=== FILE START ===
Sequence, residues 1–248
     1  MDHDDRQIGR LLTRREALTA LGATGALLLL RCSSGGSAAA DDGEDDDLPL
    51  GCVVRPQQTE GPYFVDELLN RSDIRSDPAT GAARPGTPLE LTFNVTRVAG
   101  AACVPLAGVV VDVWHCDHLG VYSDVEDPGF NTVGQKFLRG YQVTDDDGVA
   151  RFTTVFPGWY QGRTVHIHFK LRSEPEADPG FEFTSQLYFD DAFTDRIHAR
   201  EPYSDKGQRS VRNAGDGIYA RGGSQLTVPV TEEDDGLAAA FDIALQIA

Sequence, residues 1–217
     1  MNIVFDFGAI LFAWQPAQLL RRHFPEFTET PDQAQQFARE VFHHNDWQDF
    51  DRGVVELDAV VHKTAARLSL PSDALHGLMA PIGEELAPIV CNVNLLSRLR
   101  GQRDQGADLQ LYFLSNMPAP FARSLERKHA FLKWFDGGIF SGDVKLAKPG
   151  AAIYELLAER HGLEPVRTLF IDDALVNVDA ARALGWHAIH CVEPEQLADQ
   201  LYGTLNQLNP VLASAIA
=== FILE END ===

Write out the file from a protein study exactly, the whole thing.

Sequence, residues 1–248
     1  MDHDDRQIGR LLTRREALTA LGATGALLLL RCSSGGSAAA DDGEDDDLPL
    51  GCVVRPQQTE GPYFVDELLN RSDIRSDPAT GAARPGTPLE LTFNVTRVAG
   101  AACVPLAGVV VDVWHCDHLG VYSDVEDPGF NTVGQKFLRG YQVTDDDGVA
   151  RFTTVFPGWY QGRTVHIHFK LRSEPEADPG FEFTSQLYFD DAFTDRIHAR
   201  EPYSDKGQRS VRNAGDGIYA RGGSQLTVPV TEEDDGLAAA FDIALQIA

Sequence, residues 1–217
     1  MNIVFDFGAI LFAWQPAQLL RRHFPEFTET PDQAQQFARE VFHHNDWQDF
    51  DRGVVELDAV VHKTAARLSL PSDALHGLMA PIGEELAPIV CNVNLLSRLR
   101  GQRDQGADLQ LYFLSNMPAP FARSLERKHA FLKWFDGGIF SGDVKLAKPG
   151  AAIYELLAER HGLEPVRTLF IDDALVNVDA ARALGWHAIH CVEPEQLADQ
   201  LYGTLNQLNP VLASAIA